The world of online business is replete with stories of websites that managed to get a ton of traffic and then couldn’t handle the load.
Some sites recover, but by and large once a site is down, it usually requires manual intervention to get it back into service. This can cost a company a lot of business, as site failures often happen without warning and at times of the day and week when qualified technicians aren’t available to restore service.
The solution to this problem is to load test your site. This process is really no different than any other kind of software testing. You simply need to operate the site under circumstances designed to simulate real world conditions as closely as possible.
Here are some tips to make sure your testing process is as effective as it can be.
1. Simulate At Least One Failure
The rule in any engineering project is that failure should happen as early and as loudly as possible. Silent failure that happens someday is the bane of any project that depends on precision, technology or intricate engineering.
The information you gather from a failure will expose weaknesses in your system. Once you know where the system is prone to failure, you can effect repairs intelligently and mitigate against future issues.
Failure simulation can provide many different kinds of metrics. Each will give you an idea of the limits of your hardware and configuration. The more that can be tested, the more you can harden your system.
In order to harden a system and run the appropriate number of tests, it’s good to use a tool that can simulate a large number of users like LoadView.
2. Focus On Your Failover
A failover system is one that is designed to respond if a main system triggers one or more performance thresholds. Failover servers can be aligned in series, so if site A fails, site B can pick up the new traffic. If site B fails, site C comes on-line and so forth.
In the above example, if the number of requests to a particular domain or software instance reaches a certain proportion of its limit, all new requests can be routed to site B. It is vitally important that you make certain all of these thresholds and their routing setups work. Further, you need to make sure they work even if the site and all its failovers are under maximum load.
3. Test In Production Only
If you are developing web servers inside your own network, it can be very easy to assume everything is working fine. On a local network, latency will be nearly non-existent, no outside routers will touch your packets and things can often look like they are running smoothly when in reality the introduction of real-world conditions can immediately cause problems.
The quality of your web servers matters too. For example, if you’re using low quality business hosting to host your site, you may find that your servers have a high degree of latency, according to Web Hosting Buddy.
A common problem that arises when a test platform is moved “outdoors” so to speak, is that all the failure prevention software triggers at the same time because it interprets the network slowdown as a high load event. Suddenly the entire network is competing for attention and causing the kind of outage those systems were supposed to prevent.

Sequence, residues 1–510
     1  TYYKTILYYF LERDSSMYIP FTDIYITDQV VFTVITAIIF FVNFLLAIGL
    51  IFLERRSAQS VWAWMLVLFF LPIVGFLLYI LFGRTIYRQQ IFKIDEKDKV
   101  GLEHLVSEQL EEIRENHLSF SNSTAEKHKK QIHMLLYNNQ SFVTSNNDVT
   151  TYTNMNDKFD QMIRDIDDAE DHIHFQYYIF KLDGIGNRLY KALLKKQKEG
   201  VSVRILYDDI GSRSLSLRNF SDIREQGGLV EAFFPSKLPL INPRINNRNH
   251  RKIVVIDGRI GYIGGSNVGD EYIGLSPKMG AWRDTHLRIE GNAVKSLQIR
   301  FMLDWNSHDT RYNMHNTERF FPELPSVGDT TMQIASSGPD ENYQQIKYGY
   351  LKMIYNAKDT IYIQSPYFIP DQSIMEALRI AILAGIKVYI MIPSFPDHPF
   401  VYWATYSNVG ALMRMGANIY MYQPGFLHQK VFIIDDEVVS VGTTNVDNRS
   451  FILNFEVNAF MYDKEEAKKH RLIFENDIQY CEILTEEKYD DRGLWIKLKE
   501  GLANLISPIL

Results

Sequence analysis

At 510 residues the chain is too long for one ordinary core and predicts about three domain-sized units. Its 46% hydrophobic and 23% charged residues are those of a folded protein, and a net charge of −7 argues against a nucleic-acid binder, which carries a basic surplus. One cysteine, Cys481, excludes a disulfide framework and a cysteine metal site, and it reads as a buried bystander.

Setting up a test environment in-house is fine, but in order to get the right data under the right conditions, you have to put your aircraft in the air. If it crashes, at least you’ll be aware of the problem well ahead of time.
4. Start On The Metal
Like any software project, a load testing process has to be operational at every integration phase. This means only the basic software can be running during your first test. Once you have guaranteed your base system is working, then you can add in plug-ins, add-ons, filters and so forth. Each one should be isolated and tested on its own.
The reason this is so important is because integrated software has to degrade gracefully. If one of those plug-ins fails, it can’t bring the entire system down with it. The base system has to be solid so it can continue running even if its auxiliary features are down.
Naturally, your failover mechanisms should trigger on any kind of software outage. The easiest way to set this up is to create a polling mechanism so the base system can regularly ping the auxiliary systems to make sure they are up.
Without exception the most important part of any testing regimen is to document your results. This information not only gives you a vital record of what you’ve accomplished, but it also serves as a starting point for any investigation into why the system may have failed or triggered a failover. Think of your documentation as a map. Without it, you’ll have no idea where to look if an inexplicable problem arises.
Truth be told, software development is a lot like fiction writing. Testing and editing often take longer than writing the work in the first place.
Untested software leading to failures and loss of business, however, is too big a risk to take with your hard-won customers and clients.